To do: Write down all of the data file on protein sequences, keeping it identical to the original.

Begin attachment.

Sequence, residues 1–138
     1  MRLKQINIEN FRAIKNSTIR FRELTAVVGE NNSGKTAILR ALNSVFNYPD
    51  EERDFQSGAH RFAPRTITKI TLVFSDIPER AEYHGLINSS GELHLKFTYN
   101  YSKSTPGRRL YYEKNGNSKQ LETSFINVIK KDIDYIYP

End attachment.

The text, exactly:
Sequence, residues 1–138
     1  MRLKQINIEN FRAIKNSTIR FRELTAVVGE NNSGKTAILR ALNSVFNYPD
    51  EERDFQSGAH RFAPRTITKI TLVFSDIPER AEYHGLINSS GELHLKFTYN
   101  YSKSTPGRRL YYEKNGNSKQ LETSFINVIK KDIDYIYP